- Kris: If I had a radio at 3.3-3.5 Ghz, it would end up serving as a door-stop, perhaps. The ARRL HSMM group put in over a decade desperately trying to findMessage 1 of 4 , Feb 3, 2013View SourceKris:If I had a radio at 3.3-3.5 Ghz, it would end up serving as a door-stop, perhaps.The ARRL HSMM group put in over a decade desperately trying to find something useful for hams to do to do at very high speed, over very short distances - and they drew a blank, too.A few tried playing ISP - which was about as far as thier imagination would go - but those danged PART97 regulations kept getting in the way.In the end, after trying and failing to have PART97 repealed multiple times and being serially rebuffed or ignored by both the FCC and the Ham Radio community, they finally realized that they comprised a tiny minority that most amateurs just didn't give a hoot about, one way or the other.After some years of being bitter clingers, they faded off into obscurity - with the exception of a few hardened cranks.I could give the 3.3-3.5 Ghz radio equipment to one of those guys I guess but it would be a cruel act, much akin to scraping out a line of detergent on a mirror, before a crack cocaine addict suffering from the "Jones".No, far better to just use it as a door-stop, or something.73 DE Charles, N5PVL----- Original Message -----From: Kris KirbySent: Saturday, February 02, 2013 9:48 PMSubject: Re: [BPQ32] flamp and BPQMail?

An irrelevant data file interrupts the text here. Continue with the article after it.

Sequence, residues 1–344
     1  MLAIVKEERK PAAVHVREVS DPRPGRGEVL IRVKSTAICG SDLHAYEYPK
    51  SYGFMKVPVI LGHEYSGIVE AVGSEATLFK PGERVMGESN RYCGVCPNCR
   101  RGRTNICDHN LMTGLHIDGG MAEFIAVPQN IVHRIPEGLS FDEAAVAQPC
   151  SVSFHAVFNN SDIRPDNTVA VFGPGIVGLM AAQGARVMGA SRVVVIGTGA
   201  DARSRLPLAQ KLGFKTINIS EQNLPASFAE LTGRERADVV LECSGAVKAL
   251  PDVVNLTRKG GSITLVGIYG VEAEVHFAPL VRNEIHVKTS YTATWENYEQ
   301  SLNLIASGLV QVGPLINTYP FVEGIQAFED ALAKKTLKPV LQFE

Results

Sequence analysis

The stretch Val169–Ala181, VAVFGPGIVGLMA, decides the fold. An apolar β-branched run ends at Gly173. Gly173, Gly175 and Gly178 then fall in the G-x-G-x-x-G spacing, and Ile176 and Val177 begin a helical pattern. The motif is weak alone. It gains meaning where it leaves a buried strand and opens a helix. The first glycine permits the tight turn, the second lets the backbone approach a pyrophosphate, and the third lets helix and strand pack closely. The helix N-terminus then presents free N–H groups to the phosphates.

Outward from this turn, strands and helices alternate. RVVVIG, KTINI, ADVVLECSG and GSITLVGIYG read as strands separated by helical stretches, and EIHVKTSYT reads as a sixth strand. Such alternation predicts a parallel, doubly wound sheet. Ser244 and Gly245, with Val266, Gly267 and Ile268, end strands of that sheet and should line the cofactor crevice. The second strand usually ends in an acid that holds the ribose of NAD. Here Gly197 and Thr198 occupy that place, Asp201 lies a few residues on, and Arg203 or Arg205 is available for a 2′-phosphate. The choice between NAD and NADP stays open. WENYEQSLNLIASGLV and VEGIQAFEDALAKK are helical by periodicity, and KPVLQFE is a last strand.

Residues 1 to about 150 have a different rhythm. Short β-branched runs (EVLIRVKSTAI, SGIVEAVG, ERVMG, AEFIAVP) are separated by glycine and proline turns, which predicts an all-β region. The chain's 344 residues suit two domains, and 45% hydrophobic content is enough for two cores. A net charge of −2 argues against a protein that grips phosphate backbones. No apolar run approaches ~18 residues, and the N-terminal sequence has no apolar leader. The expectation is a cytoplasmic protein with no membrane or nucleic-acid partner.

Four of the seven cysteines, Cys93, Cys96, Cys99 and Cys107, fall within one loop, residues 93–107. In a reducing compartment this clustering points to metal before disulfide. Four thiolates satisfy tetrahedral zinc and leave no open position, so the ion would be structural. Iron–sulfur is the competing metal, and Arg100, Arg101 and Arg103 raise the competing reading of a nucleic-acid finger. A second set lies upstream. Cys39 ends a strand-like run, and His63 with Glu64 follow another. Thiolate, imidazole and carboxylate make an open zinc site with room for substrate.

On Sat, 2 Feb 2013, Charles Brabham wrote:
> Here's an article I wrote some years ago about the advantages of a
> combined point-to-point/multicast HF network:
We have a radio band at 3.3-3.5GHz. WiMax manufacturers are selling
equipment that covers that band because outside of our ITU region, it is
not a ham band. This begs the question:
What would you do if you had 100Mbit/s over the air?
It's possible _today_. MIMO, multiple antennas, multiple bands, and both
Kris Kirby, KE4AHR